Before the Covid pandemic erupted, Brooks McCoy made $103,000 a year as a regional director for a commercial cleaning franchise in North Carolina. After being laid off last March, the mother of two resorted to selling Pampered Chef cookware to friends of friends. In August, after months of looking, she found a full-time job selling copiers and printers to businesses.
The company has given her the childcare flexibility she needs now, letting her work from home when her two daughters don’t have in-person school. But it pays $40,000 a year.
“I made that coming out of college,” says Ms. McCoy, 40 years old. She hasn’t been able to get a better-paying job.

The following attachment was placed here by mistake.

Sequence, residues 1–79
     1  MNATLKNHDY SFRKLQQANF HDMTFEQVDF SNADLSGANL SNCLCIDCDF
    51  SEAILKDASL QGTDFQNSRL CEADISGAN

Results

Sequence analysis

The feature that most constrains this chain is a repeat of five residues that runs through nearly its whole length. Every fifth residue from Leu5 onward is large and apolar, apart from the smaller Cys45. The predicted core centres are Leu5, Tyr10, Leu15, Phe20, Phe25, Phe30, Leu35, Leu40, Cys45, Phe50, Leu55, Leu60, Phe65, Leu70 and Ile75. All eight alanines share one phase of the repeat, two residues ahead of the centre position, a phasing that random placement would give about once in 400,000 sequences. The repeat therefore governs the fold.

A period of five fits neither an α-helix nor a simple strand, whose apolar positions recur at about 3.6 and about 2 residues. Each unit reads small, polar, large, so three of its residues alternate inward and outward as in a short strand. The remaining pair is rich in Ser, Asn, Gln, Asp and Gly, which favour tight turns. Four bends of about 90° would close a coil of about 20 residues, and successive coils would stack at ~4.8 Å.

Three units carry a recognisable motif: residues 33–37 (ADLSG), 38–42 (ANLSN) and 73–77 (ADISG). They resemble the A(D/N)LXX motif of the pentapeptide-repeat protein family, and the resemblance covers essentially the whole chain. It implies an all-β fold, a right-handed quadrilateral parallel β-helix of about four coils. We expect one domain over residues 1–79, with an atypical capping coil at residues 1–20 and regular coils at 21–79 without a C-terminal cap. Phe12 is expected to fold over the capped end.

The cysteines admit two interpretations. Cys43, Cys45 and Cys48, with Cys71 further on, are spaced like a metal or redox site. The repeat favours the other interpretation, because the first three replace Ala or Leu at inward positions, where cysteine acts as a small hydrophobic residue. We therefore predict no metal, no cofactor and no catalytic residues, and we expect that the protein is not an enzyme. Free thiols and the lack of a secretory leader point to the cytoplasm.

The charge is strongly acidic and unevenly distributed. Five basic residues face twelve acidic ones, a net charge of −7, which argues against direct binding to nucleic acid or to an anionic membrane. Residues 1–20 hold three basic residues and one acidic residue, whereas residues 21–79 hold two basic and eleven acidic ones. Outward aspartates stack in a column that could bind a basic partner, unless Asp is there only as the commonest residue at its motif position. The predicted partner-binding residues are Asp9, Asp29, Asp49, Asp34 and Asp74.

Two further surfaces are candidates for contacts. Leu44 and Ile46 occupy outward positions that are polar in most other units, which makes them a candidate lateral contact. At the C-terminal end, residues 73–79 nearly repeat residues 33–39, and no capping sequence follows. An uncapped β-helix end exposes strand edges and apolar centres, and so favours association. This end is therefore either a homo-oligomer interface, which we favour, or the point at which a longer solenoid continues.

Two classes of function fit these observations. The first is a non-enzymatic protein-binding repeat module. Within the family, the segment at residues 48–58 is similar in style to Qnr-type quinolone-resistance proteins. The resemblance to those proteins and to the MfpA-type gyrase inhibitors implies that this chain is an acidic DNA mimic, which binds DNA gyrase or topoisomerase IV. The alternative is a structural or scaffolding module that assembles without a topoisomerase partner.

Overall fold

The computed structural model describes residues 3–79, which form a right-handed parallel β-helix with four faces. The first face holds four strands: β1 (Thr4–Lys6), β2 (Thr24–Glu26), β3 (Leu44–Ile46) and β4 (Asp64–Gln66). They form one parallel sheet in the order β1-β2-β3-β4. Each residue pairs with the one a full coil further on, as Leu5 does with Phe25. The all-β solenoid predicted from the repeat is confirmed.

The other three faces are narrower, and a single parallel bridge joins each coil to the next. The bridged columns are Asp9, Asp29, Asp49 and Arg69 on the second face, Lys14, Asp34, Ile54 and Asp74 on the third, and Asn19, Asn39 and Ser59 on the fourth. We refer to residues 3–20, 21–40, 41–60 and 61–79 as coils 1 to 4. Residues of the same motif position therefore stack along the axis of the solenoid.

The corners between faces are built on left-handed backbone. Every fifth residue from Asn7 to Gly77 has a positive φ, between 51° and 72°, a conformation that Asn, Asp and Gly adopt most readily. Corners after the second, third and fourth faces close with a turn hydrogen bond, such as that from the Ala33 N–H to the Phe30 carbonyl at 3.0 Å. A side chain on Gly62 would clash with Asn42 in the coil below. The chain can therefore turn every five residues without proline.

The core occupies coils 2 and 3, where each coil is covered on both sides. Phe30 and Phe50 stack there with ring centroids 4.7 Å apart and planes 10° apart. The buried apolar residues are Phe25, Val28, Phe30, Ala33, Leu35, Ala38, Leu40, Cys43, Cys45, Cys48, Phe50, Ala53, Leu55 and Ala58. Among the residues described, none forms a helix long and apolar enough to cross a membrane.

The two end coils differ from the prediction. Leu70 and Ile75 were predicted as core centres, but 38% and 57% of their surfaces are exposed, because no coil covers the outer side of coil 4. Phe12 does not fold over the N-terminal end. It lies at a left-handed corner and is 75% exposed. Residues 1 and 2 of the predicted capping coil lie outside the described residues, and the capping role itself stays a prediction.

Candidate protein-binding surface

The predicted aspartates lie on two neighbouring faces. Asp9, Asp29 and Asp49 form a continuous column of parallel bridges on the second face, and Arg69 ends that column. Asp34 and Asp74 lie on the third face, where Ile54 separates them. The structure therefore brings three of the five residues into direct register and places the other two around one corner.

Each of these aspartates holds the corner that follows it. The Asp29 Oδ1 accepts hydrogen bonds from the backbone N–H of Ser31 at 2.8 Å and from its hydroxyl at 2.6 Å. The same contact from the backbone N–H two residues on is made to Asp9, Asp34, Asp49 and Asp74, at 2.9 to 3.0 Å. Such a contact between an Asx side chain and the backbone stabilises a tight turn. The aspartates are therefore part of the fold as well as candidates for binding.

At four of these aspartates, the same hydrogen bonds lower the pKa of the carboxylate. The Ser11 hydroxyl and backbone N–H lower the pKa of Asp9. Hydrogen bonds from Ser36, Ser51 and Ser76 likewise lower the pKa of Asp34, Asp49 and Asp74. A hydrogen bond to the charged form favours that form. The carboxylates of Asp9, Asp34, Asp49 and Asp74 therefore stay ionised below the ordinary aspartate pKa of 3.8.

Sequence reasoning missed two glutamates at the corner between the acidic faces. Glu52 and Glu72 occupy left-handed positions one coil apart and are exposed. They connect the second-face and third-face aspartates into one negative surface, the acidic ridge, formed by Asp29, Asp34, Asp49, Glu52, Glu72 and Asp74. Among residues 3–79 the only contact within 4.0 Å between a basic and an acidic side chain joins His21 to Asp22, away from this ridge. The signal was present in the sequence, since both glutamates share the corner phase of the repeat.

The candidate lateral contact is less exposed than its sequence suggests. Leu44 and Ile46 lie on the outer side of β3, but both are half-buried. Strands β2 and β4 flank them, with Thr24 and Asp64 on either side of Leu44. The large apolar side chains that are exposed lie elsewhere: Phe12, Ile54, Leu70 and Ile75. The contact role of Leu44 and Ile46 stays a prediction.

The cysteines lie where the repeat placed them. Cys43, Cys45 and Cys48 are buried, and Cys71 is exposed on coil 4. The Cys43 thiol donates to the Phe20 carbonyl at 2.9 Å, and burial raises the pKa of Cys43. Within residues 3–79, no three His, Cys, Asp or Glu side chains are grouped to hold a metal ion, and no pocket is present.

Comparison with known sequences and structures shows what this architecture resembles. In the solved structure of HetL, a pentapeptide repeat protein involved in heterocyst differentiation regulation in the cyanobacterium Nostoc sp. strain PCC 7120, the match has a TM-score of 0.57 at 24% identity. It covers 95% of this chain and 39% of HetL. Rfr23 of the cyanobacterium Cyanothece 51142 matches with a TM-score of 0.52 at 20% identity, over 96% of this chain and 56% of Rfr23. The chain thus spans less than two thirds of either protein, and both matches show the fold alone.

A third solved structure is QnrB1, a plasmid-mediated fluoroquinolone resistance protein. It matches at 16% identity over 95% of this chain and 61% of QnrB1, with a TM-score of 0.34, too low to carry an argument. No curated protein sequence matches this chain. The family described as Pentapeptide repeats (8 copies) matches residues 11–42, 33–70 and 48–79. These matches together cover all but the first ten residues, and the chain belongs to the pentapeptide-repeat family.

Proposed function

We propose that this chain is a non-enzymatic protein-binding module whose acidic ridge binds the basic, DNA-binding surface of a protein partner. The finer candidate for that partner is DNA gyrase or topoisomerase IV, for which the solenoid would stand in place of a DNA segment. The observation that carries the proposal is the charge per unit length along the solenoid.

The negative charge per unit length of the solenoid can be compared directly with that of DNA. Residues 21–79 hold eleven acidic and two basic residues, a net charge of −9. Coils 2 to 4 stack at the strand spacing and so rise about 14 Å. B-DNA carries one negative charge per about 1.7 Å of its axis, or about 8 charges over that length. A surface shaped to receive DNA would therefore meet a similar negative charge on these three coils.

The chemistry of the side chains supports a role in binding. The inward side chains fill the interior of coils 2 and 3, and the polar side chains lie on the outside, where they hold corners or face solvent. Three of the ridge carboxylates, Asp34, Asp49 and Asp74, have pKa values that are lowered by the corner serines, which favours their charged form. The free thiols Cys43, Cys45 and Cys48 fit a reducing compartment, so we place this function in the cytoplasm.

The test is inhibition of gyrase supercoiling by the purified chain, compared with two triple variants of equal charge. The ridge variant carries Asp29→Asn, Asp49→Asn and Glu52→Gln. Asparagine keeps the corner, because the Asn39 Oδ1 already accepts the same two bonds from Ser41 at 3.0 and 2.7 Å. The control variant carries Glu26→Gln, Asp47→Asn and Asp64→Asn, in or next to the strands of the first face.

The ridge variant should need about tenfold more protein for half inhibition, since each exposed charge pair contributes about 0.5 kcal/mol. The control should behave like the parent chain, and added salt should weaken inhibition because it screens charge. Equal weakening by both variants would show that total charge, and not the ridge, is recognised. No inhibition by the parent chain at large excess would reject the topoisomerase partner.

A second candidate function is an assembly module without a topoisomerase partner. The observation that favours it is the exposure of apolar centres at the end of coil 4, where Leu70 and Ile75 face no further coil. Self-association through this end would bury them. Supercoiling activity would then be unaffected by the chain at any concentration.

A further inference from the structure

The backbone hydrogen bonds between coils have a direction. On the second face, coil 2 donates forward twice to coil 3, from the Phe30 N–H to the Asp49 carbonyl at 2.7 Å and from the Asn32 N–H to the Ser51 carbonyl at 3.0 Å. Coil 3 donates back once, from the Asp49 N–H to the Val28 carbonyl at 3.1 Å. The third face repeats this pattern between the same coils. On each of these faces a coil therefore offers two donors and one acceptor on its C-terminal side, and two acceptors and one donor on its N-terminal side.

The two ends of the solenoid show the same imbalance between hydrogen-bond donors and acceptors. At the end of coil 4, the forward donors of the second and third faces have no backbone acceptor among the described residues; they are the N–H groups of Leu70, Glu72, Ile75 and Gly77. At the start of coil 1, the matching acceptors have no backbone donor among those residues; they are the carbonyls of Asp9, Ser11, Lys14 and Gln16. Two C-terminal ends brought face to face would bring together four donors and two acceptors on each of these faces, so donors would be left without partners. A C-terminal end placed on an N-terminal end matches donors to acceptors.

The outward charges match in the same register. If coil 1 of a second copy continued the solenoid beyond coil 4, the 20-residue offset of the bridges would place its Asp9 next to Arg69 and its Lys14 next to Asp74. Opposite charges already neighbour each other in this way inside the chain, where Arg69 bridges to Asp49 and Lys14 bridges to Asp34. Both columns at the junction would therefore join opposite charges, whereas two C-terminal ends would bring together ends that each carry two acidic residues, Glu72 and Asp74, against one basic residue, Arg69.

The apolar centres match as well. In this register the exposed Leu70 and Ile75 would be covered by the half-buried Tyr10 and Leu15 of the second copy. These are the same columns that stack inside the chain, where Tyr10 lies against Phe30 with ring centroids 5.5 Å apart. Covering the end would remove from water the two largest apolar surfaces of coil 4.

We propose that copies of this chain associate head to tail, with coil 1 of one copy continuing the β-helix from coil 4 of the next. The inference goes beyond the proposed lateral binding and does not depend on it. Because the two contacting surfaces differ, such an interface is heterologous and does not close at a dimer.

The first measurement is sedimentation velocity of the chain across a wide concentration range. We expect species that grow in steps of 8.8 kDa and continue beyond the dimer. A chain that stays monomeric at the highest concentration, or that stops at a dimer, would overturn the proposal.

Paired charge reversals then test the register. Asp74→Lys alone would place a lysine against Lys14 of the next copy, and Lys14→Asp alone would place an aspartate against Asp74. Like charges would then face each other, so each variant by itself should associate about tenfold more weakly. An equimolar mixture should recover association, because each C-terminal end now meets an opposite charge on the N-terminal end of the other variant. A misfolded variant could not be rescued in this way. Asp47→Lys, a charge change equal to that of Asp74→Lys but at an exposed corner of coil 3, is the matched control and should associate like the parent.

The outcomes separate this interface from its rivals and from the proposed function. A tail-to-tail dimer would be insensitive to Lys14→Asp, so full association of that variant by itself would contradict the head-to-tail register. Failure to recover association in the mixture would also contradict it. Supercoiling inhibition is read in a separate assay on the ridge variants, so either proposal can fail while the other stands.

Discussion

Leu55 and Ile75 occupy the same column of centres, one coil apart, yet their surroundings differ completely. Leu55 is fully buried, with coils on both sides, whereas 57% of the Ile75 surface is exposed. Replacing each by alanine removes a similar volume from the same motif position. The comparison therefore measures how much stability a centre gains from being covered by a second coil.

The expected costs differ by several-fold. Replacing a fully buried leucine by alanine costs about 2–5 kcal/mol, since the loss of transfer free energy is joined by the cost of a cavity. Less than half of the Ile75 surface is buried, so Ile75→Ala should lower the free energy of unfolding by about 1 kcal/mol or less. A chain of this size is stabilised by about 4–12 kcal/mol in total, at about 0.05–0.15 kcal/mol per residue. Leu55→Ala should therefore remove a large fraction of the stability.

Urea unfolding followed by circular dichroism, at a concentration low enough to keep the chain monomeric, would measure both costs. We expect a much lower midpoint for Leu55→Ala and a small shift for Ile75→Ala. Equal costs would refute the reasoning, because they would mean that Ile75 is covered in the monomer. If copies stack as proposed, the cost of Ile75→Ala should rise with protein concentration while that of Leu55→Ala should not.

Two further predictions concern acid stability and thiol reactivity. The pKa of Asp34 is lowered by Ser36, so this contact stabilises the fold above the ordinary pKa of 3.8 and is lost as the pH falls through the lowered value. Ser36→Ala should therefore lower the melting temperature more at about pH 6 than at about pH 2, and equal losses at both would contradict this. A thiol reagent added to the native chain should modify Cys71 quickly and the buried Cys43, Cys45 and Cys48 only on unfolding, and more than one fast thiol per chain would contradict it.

After a brutal year of layoffs, parenting struggles, and juggling jobs and schooling under one roof, many working mothers are trying to regain their career momentum—and hitting new obstacles.
Some are finding it difficult to land jobs with the same level of status and pay they had before. Others, bruised by pandemic childcare disruptions, say they need jobs that offer greater flexibility going forward.